Innovative sustainable fabrics improving outdoor gear

Given the impact mass production and consumption of textiles is having on the planet, we look at some of the outdoor industry's sustainable fabric innovations.

Three sustainable outdoor fabric types

by Chris Williams |
Updated on

We’ve recently heard about Adobe Illustrator and ChatGPT. Irrespective of your opinions about them, these recent forms of AI are unquestionably big leaps forward for photo editing and chatbots. The need – not preference – for sustainable outdoor clothing and equipment demands progress that is equally impressive.

But over the past few decades, we haven’t seen any advancements in the outdoor industry you could call big leaps forward. Modern zippers came along about a century ago; synthetic insulation and waterproof fabrics in the mid-20th century; and fleece shortly after.

But now we are highly aware of the impact outdoor gear is having on the world, where is the change and innovation to address it?

Green marketing: insincere sustainability

Cupped hands holding a seedling plant
©Noah Buscher on Unsplash

Being seen as ‘green’ is the trend for businesses now. Actually being green isn’t necessarily important. The most obvious example of this have been the world’s largest oil companies who have spent billions of dollars over the past 30 years to make themselves look greener without changing their practices at all.

You see it everywhere, like polystyrene meat trays in the supermarket coloured brown instead of white or black to look more like cardboard. Or the green leaf on the label of a waterproof jacket.

As marketing spin, greenwashing heavily relies on vague or even misleading statements. Brands sometimes make a big deal out of a small number of its sustainable products to reflect the brand as a whole, while the rest of its products aren’t anywhere near as sustainable.

Even charging a higher price can be a strategy. After all, if you’re paying more, it must be more sustainable, right?

The problem with disingenuous green marketing is that it not only misleads customers, but can make the whole industry look bad when wrongdoings from individual brands become news and general consumer mistrust grows. This is incredibly frustrating for brands that are genuinely trying to be better.

True change

Within the last five years or so, a few select companies have been exploring ways to overhaul outdoor gear in a way that is far less harmful to the planet yet without compromising performance. And it is a few of these efforts that we want to draw your attention to here.

Synthetic materials used for outdoor gear are seen as being the least eco-friendly because they're not ‘natural’ and aren’t biodegradable. However, they are so ubiquitous in the outdoor industry that they need to be substantially adapted to be sustainable, rather than being ditched entirely.

Meanwhile, natural fibres used in outdoor gear and apparel, such as merino wool or down insulation, need to also be less resource-intense and of course ensure extremely high animal welfare standards while having very high performance.

PrimaLoft Bio: synthetic innovation

Closeup of a clothing tag with PrimaLoft Bio
©Live For The Outdoors

Synthetic fibres used in outdoor gear can be affordable, breathable, and warm. But they have a big problem. Whether disposed of as a whole or through microplastic shedding, synthetics don’t break down and pollute our planet.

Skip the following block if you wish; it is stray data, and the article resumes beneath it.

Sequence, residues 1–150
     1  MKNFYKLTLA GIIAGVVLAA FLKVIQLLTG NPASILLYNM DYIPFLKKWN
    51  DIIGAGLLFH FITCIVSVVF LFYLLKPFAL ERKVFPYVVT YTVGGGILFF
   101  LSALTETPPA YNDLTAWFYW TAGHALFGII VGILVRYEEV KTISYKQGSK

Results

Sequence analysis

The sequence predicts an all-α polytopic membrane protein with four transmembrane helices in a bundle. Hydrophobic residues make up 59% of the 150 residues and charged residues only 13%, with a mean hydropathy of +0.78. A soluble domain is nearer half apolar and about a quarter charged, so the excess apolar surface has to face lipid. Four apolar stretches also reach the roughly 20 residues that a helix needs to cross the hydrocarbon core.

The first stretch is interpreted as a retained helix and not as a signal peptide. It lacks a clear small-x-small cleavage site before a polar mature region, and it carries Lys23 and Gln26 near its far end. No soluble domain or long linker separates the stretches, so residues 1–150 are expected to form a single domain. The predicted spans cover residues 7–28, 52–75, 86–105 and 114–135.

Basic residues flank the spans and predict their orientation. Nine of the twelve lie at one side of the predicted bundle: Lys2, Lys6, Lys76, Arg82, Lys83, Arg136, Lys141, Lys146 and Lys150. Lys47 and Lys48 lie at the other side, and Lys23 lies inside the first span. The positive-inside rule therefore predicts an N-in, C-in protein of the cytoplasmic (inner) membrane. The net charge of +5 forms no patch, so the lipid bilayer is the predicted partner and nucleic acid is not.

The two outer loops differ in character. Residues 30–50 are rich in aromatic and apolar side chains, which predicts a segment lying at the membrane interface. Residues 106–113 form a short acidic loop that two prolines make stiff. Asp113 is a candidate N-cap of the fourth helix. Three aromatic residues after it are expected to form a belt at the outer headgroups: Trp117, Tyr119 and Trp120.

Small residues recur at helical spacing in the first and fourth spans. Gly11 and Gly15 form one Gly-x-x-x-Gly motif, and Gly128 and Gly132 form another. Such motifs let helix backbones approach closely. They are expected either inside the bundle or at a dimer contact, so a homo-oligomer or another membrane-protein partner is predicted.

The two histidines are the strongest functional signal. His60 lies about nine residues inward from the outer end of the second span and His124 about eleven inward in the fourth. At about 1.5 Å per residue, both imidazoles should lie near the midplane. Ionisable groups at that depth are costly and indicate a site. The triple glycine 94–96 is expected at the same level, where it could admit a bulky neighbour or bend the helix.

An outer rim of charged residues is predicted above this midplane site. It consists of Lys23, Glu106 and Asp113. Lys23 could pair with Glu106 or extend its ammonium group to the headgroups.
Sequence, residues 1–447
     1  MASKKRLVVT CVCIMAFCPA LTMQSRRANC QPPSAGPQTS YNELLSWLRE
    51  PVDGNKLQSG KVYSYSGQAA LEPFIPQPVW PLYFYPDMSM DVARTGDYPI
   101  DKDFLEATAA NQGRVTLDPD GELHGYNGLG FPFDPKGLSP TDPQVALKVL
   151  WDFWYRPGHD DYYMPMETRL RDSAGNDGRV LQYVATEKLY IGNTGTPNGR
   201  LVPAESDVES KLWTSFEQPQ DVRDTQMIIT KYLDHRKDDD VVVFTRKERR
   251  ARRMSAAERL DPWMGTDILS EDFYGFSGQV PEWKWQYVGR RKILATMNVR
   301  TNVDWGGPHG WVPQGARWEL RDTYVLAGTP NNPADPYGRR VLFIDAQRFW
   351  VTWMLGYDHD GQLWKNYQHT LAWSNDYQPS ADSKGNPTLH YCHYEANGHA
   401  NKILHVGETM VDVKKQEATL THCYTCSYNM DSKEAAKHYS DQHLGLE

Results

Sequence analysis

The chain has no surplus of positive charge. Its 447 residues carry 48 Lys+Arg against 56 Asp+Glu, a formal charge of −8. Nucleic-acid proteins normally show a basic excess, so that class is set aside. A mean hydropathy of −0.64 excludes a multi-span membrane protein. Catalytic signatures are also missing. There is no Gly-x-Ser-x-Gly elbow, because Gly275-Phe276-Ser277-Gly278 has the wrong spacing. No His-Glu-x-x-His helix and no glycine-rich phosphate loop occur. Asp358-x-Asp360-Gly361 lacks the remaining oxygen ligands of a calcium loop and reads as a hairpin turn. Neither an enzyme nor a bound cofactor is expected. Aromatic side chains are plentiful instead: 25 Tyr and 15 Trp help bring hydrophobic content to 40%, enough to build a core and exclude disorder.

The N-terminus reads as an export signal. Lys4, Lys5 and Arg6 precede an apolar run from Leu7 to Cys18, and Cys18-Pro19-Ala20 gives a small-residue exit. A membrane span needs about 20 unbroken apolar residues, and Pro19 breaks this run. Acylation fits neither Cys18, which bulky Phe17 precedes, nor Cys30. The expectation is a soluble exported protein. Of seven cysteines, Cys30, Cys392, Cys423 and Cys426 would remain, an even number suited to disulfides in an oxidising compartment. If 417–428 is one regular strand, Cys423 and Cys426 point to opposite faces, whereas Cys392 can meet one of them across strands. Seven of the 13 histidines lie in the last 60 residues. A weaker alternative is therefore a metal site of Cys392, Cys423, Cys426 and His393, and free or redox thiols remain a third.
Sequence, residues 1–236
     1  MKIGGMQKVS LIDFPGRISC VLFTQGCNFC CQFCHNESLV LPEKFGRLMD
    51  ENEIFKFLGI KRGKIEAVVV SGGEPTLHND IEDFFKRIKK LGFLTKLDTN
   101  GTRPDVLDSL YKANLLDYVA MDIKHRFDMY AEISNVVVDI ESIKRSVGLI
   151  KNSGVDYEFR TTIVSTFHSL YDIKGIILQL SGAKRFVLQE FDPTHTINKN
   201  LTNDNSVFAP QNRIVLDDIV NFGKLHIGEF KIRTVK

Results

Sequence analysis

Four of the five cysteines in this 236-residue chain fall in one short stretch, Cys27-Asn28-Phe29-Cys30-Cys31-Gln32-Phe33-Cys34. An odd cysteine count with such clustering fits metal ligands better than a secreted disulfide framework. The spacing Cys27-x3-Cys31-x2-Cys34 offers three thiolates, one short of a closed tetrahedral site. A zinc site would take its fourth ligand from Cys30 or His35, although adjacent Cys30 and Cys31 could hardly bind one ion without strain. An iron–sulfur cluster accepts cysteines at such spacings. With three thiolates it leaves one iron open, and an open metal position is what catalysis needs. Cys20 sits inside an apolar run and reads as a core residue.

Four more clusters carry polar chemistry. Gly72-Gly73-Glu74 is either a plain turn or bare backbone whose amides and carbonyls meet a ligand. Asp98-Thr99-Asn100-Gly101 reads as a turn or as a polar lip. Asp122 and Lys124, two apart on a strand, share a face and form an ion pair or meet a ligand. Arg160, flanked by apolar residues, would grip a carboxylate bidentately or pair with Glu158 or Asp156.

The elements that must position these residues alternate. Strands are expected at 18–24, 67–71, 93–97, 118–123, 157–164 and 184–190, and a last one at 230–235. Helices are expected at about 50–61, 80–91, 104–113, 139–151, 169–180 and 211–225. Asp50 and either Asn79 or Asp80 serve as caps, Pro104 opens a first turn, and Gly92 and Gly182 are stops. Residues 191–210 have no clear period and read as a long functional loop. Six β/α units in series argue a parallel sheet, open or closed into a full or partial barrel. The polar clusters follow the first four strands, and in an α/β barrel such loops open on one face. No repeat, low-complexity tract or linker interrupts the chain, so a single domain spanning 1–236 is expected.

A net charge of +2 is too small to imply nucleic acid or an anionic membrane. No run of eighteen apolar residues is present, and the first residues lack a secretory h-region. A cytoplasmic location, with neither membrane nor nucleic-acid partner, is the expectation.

In trying to address this issue, fabric and insulation specialist PrimaLoft has created PrimaLoft Bio. Yes, it’s recycled and yes, it’s just as high performing as the next synthetic fibre. However, the polyester fibres in PrimaLoft Bio are tweaked to be appetising to microbes found in landfills, oceans and wastewater. Consequently, PrimaLoft Bio breaks down faster – a lot faster than other synthetic material.

Plastics can take decades or centuries to decompose. PrimaLoft Bio can, in landfills, oceans and wastewater, degrade at an accelerated rate, leaving behind water, CO2, methane, or biomass for example. There is an asterisk, though, and it’s this:

93.8% biodegradation in 646 days under ASTM D5511 conditions (accelerated landfill environment); 76.6% biodegradation in 973 days under ASTM D6691 conditions (accelerated marine/ocean environment); 17.8% biodegradation in 241 days under ASTM D5210 conditions (wastewater environment). The stated rate and extent of degradation do not mean that the product will continue to degrade.

So, it’s not quite as perfect as the ‘Designed to return to materials found in nature’ headline might suggest. But it’s certainly a big step in the right direction.

We’ve tried PrimaLoft Bio for ourselves in the form of the Artilect Halfmoon Bio Pullover fleece. Indeed, it works well as a warm, breathable, lightweight mid layer.

Nuyarn: merino innovation

Closeup of a clothing tag with Nuyarn
©Live For The Outdoors

Merino wool has always had its hiking fans thanks to it being a natural fibre, and its ability to keep odours at bay and effectively regulate temperature, making it useful in warm and cold climates. But as Andy Wynne, the founder of Nuyarn points out, the established techniques of spinning merino don’t let merino perform as well as it can.

Ring spun and core spun merino twists the wool fibres into a rope-like structure. These methods restrict the merino wool’s breathability, weight, strength, and stretch. Nuyarn is a method of spinning merino that doesn’t twist it.

Instead, Nuyarn ‘drafts’ the fibres in one direction along a filament. In plainer language, it means the merino is ‘fluffier’, lighter, and stronger. Let’s break down the consequences of this.

Increasing the loft, or ‘fluffiness’, of the merino has multiple benefits. It keeps the air pockets within the structure, which helps fight against wind resistance while improving breathability and temperature regulation. In turn, your body uses less energy maintaining its core temperature compared to a ring spun merino garment.

Increasing the loft makes the garment lighter too. And Nuyarn is also five times faster drying than ring spun merino.

Macro shot of Nuyarn fibres
©Live For The Outdoors

Because Nuyarn doesn’t compress the wool fibres, it allows the wool to be elastic without deforming and never loses its shape. Fans of merino garments will be aware of their holey habits. Again, this comes down to its construction. Tradition spinning methods create tensions and the fibres often snap, causing holes. But Nuyarn doesn’t create this tension, and combined with its increased elasticity, makes the garment far less susceptible to holes and abrasion.